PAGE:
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Normal ageing process
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LiveintheNow · 22/01/2022 09:46

What do you know about getting older? Do you know what to expect in terms of physical abilities declining?

Inspired by expectations on multiple threads about what older people should be doing!

For Example -

"The amount of muscle tissue (muscle mass) and muscle strength tend to decrease beginning around age 30 and continuing throughout life."

https://www.msdmanuals.com/en-gb/home/older-people’s-health-issues/the-aging-body/changes-in-the-body-with-aging

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Letsallscreamatthesistene · 22/01/2022 09:50

Carry on exercising. Dont be sedate. It helps hugely.

As a practice nurse I see the difference between the two and its huge.

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Shapiro · 22/01/2022 09:54

I’m old.

The most important thing for me was to never ever put weight on so for the last decade or more I have consumed considerably less.

I still eat whatever I want but only a small amount of it so that I don’t miss out on the fast but stay slim.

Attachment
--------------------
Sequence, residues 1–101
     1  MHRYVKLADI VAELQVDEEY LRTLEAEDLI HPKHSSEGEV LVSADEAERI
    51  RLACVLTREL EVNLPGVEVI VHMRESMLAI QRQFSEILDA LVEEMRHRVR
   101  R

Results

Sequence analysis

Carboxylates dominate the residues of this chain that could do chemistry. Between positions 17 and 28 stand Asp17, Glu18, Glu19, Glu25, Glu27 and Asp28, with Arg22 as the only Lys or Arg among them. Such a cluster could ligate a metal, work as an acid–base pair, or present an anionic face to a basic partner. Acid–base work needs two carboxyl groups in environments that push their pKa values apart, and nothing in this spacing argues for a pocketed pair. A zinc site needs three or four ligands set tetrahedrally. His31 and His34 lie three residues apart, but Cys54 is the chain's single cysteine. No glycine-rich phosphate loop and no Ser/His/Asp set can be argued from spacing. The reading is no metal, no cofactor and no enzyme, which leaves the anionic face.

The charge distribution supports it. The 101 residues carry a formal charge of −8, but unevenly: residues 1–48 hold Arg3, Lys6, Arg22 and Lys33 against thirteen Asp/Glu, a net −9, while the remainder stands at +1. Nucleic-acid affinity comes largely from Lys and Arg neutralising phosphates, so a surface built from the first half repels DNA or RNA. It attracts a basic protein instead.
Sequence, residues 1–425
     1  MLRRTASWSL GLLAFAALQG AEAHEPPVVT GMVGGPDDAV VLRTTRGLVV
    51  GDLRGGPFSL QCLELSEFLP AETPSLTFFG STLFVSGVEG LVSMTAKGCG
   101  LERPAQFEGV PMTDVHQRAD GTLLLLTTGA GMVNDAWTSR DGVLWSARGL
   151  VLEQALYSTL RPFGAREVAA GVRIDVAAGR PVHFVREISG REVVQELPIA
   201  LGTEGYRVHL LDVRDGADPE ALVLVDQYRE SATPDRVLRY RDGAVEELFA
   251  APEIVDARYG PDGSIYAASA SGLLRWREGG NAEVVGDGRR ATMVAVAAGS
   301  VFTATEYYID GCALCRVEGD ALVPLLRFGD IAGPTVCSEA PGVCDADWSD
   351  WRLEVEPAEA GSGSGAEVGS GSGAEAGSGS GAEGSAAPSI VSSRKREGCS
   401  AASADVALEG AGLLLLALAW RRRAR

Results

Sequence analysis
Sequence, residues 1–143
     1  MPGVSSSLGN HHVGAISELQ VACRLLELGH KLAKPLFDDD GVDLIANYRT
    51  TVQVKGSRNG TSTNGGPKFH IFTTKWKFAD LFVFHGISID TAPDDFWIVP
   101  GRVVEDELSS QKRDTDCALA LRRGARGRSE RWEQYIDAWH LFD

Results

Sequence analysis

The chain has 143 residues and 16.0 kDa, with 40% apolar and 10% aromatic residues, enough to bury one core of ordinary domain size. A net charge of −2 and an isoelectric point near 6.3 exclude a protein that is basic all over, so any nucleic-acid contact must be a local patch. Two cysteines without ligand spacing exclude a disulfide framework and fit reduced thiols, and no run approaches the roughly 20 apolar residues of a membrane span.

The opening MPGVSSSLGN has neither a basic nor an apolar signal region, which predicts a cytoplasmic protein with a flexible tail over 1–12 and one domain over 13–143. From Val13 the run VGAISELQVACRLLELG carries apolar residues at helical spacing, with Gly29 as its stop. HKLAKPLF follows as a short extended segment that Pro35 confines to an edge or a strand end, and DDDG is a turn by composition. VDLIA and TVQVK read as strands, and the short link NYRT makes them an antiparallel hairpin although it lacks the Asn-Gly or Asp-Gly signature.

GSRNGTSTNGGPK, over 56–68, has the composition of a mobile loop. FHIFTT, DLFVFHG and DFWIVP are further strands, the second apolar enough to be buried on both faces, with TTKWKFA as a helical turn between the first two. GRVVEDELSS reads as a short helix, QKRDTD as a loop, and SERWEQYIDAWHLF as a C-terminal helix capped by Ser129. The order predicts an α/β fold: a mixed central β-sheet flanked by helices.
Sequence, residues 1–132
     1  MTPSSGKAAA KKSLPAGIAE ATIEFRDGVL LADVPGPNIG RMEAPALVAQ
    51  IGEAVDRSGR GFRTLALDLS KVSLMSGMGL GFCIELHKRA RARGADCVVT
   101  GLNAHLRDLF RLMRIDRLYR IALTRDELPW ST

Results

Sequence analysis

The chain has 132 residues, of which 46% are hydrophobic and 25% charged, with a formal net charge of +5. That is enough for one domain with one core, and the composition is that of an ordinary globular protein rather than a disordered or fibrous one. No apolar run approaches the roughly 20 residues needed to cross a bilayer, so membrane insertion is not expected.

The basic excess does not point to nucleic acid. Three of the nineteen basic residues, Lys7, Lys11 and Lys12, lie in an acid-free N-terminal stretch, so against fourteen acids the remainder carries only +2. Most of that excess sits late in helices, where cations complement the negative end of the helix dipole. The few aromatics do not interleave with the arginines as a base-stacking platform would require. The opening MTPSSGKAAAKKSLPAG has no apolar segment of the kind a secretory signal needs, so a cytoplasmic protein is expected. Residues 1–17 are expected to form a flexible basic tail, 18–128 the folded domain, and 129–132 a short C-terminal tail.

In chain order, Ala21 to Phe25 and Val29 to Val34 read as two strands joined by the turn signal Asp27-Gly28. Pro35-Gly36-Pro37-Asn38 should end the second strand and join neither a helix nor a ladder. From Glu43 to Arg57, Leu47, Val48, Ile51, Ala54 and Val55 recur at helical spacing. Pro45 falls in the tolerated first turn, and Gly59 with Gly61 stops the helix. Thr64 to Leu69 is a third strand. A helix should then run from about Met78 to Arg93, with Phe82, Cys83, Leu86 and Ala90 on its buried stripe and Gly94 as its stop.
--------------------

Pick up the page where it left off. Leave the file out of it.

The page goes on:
Excess weight when you are older seems to be harder to shift and you don’t want fat stored around your organs or putting a strain on your joints.

I don’t do any hard exercise such as running/jogging as it plays havoc with your face and joints. I prefer long walks that include hills and often walking through sand dunes etc.

Getting enough sleep is vital. I always have a power nap during the day, it is like recharging a battery and makes me feel so much better.

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LiveintheNow · 22/01/2022 09:56

I agree about staying active but I am thinking about things like kidney function that are expected to decline with age.

What is a normal eGFR number?
In adults, the normal eGFR number is more than 90. eGFR declines with age, even in people without kidney disease. See chart below for average estimated eGFR based on age.
Age (years)
Average eGFR
20–29
116
30–39
107
40–49
99
50–59
93
60–69
85
70+
75

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Sheabutterisdelish · 22/01/2022 09:57

Yes keep moving, be it running, housework, gardening, just move !

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LiveintheNow · 22/01/2022 09:57

I see comments like someone in there 80s is as fit as someone in their 30s or 40s and this just isn't possible due to the ageing process.

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PrisonerofZeroCovid · 22/01/2022 09:58